Fall Arrest Safety

Over 7000 falls from height in the workplace were reported to the UK health and Safety Executive during 2006-07, 24 of these were fatal. Falls from height are the most common cause of fatal injury and the second most common cause of major injuries, accounting for around 15% of all such injuries in the workplace.

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Inspecting fall arrest equipment made from webbing or rope

The following information may prove useful for anyone supplying fall arrest equipment incorporating energy-absorbing lanyards made from webbing. It gives generic advice on inspection regimes for this equipment where it is used to provide protection against falls from a height. However, many of the principles can also be applied to non-energy-absorbing lanyards and safety harnesses used for the same purpose. They can also be applied to similar equipment made from rope. It does not cover other equipment such as anchor points. Employers should consult the manufacturer and/or supplier of the equipment for any product-specific inspection requirements.

Introduction

An energy-absorbing lanyard is a line for connecting a full body harness to an anchorage point with an inbuilt device that reduces the impact of a fall. There is a wide range of possible causes of degradation of synthetic fibres used in webbing and rope lanyards (including abuse, general wear and tear, edge/surface damage, ultraviolet light, dirt, grit, chemicals).

Research involving synthetic fibre webbing lanyards has confirmed a number of the potential causes of degradation. It also highlighted that there is no well-defined boundary (eg usable life) separating those lanyards that are safe and those that are not (eg a 1mm cut in the edge of a lanyard can result in a 5 to 40% loss of strength depending on the make of lanyard being used). It is therefore essential that if lanyards are to be maintained to provide the required level of protection they are subject to an effective inspection regime.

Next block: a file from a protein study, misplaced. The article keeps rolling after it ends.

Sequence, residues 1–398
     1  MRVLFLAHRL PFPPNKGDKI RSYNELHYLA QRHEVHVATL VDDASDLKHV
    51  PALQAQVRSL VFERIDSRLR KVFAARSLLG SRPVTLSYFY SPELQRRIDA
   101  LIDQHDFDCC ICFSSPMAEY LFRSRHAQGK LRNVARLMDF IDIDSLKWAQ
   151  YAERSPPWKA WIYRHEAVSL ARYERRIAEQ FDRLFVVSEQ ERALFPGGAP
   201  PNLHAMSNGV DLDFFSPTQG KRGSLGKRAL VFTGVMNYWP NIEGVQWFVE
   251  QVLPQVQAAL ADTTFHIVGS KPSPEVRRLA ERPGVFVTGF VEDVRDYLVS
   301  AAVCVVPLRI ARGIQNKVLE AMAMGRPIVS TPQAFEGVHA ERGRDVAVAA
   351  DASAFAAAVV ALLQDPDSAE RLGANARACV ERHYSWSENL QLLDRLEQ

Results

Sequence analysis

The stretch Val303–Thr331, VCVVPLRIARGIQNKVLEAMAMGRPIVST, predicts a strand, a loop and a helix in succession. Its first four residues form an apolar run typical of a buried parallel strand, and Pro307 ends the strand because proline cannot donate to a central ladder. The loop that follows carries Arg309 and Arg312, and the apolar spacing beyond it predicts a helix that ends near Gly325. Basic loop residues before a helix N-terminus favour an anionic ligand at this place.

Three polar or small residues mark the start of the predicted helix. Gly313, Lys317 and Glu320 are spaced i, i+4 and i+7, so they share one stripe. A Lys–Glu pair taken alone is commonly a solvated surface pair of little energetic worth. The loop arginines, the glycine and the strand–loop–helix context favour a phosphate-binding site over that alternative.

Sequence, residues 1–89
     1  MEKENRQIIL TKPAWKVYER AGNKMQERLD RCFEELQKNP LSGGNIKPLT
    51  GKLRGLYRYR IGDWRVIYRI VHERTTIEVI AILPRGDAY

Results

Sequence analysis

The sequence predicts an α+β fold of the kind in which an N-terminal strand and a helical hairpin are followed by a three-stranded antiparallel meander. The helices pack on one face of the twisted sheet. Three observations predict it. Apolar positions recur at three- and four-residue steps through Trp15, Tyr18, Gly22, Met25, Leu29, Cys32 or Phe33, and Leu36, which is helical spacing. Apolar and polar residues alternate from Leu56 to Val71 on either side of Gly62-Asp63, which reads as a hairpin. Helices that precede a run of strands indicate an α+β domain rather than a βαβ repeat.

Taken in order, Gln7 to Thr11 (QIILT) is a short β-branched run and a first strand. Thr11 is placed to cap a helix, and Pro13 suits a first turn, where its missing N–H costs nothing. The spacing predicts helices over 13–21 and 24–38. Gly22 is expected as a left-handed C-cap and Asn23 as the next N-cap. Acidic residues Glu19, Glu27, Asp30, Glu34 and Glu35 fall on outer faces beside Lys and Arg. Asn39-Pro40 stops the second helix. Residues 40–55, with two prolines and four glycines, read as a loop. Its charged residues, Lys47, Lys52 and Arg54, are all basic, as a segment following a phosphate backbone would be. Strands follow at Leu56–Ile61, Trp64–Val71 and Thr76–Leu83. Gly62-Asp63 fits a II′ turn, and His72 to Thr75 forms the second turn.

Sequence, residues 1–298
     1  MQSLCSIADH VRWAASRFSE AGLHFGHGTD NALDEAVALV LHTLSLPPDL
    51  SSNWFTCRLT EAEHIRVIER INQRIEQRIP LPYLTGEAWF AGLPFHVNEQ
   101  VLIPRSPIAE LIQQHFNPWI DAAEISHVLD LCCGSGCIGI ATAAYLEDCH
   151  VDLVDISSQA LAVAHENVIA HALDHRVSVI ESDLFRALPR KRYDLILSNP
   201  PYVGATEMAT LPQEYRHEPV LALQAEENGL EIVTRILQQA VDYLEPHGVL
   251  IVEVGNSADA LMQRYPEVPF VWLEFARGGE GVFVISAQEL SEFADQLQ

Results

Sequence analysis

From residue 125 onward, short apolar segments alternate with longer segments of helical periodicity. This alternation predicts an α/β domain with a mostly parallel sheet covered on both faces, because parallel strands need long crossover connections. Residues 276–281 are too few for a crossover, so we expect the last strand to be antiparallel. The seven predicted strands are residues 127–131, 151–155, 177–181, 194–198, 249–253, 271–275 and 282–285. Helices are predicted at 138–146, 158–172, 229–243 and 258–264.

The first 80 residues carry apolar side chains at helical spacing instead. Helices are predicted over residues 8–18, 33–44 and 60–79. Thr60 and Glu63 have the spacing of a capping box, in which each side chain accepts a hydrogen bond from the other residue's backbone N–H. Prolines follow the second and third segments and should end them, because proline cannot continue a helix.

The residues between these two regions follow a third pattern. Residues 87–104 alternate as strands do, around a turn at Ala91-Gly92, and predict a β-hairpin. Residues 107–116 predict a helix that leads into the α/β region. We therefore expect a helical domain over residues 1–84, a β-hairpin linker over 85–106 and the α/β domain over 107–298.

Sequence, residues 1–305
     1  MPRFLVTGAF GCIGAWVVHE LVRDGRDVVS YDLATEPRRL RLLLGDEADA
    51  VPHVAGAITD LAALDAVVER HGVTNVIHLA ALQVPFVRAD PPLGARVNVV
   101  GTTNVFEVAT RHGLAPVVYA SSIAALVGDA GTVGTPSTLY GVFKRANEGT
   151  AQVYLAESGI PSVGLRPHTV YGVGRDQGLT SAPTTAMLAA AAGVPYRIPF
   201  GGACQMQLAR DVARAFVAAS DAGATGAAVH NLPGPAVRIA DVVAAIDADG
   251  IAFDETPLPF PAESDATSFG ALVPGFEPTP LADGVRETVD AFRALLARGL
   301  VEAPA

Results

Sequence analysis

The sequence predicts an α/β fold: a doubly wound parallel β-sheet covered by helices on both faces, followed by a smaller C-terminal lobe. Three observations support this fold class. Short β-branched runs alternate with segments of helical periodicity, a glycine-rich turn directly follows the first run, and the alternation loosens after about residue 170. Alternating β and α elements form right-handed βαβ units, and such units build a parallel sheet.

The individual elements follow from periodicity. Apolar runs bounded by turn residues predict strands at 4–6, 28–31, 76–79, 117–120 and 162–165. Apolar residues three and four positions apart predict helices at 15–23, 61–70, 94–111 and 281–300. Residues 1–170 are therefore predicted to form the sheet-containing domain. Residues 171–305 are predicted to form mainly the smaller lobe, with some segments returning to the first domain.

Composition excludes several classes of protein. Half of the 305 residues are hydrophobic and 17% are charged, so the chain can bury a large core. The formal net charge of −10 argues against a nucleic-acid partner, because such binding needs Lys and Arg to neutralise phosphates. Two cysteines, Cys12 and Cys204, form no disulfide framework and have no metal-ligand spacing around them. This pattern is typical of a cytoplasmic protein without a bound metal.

Legal requirements and standards

The Personal Protective Equipment at Work Regulations 1992 (as amended) require employers to maintain fall arrest equipment in good repair, including appropriate replacement. In addition, the Work at Height Regulations 2005 require that equipment which is exposed to conditions causing deterioration which is liable to result in dangerous situations should be inspected at suitable intervals and each time exceptional circumstances which might jeopardise safety have occurred.

BS EN 365:2004 Personal protective equipment against falls from a height. General requirements for instructions for use, maintenance, periodic examination, repair, marking and packaging gives general requirements for periodic inspection, instructions for use and marking of PPE against falls from a height. To counter the causes of degradation listed in the Introduction, the British Standard states that components should be examined 'at least twelve-monthly'. This is sometimes taken to be 'annually', although manufacturers of textile products usually recommend inspection more frequently than this.

Inspection regime

The inspection regime recommended in this leaflet has been discussed with representatives of manufacturers, suppliers, installers and major users via the British Standards Institution Technical Committee PH/5 (industrial safety belts and harnesses), the British Safety Industry Federation Height Safety Group and the Work at Height Safety Association.

Employers should establish a regime for the inspection of lanyards that is drawn up by a competent person. The regime should include:

- the lanyards to be inspected (including their unique identification);

- the frequency and type of inspection (pre-use checks, detailed inspection and,

- designated competent persons to carry out the inspections;

- action to be taken on finding defective lanyards;

- means of recording the inspections;

- training of users; and

- a means of monitoring the inspection regime to verify inspections are carried out accordingly.

Source: HSE Health and safety Executive website 2012

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